Harvard medical community steps up to fight pandemic

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COVID-19 has changed the way we live. For a few, like Annie Cheng, it’s also practically changed where they live.

“I have a completely different lifestyle now,” she said. “Pretty much the lab is my home.”

Cheng, the lead technologist at Beth Israel Deaconess Medical Center’s molecular diagnostics lab, is among those toiling to transform it from a regular 7 a.m.‒5 p.m., five-day-a-week operation into one of New England’s foremost hospital-based testing centers for SARS-CoV-2, the virus that causes COVID-19.

The lab has super-charged its capacity. It recently performed 1,000 tests in a day and can do as many as 1,500, an entire season’s worth of flu diagnostics. This has meant longer hours for everyone, new testing machines, and redesigned procedures to keep workers safe. But the real game-changer has been the influx of skilled volunteers from Beth Israel’s research labs, which were closed after social-distancing edicts went into effect.

“Ordinarily, we have a small number of people in our clinical lab who do this [testing] work,” said Jeffrey Saffitz, chair of Beth Israel’s Pathology Department and Mallinckrodt Professor of Pathology at Harvard Medical School (HMS). “All of the basic science laboratories at Harvard Medical School and its hospitals have been closed down, so we have this large population of research techs and postdocs who run PCR machines all the time in a research setting. We put out a call and we were gratified to have a great response. It’s a story where our community of smart, incredibly committed people will do whatever it takes to stem this terrible tragedy.”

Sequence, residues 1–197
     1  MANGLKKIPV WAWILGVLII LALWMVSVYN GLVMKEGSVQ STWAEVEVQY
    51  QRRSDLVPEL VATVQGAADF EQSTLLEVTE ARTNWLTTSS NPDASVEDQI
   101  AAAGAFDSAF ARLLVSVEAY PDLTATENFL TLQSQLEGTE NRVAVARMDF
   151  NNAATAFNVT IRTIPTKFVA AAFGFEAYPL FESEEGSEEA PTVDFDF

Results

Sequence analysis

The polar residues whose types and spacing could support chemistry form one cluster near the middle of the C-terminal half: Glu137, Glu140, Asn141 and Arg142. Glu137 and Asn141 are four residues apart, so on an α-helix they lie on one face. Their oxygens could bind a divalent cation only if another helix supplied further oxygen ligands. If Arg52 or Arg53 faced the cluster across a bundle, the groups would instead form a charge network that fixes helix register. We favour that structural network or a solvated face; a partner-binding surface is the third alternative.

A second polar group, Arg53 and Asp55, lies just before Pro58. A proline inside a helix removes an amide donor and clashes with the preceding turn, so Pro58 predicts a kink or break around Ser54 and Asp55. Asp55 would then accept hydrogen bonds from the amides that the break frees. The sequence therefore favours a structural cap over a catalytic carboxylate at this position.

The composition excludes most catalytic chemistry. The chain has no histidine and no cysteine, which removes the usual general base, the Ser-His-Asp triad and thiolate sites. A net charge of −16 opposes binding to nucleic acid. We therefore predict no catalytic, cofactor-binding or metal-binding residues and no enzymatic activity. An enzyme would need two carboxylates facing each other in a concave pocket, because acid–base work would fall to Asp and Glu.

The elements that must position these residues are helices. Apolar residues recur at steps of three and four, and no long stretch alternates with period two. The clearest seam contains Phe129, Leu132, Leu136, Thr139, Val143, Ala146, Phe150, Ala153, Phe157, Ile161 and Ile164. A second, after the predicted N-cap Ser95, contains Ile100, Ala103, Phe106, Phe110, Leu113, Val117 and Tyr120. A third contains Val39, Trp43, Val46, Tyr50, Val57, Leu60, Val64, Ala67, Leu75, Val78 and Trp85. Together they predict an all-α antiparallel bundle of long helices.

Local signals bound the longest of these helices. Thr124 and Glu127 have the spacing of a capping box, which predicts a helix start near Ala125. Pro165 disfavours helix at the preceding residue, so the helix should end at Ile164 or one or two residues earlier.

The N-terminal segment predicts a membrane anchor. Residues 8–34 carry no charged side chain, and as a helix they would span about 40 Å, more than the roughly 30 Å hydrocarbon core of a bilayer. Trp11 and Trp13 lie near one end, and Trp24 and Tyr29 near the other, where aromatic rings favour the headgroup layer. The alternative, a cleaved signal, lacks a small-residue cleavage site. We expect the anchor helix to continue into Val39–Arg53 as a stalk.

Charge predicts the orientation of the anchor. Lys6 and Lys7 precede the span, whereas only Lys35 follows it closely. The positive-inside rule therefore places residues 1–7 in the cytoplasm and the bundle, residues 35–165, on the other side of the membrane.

The scramble began in mid-March, when the government allowed hospital labs to begin their own testing for SARS-CoV-2 instead of sending samples to centralized government facilities for results. The change came as U.S. disease numbers skyrocketed and what had been insistent calls for increased testing capacity rose to a shout.

Beth Israel has two main labs that do its clinical testing. Officials decided that one, the molecular diagnostics lab, equipped with high-volume machines, would handle the COVID tests. The lab, however, was initially hamstrung by a lack of test kits that would allow its machines to check samples for COVID. The shortage was met by Aldatu Biosciences, a startup with roots in Harvard’s i-lab and Pagliuca Life Lab. Soon afterward, supplies from Abbott Laboratories, which makes the machines, began to flow.

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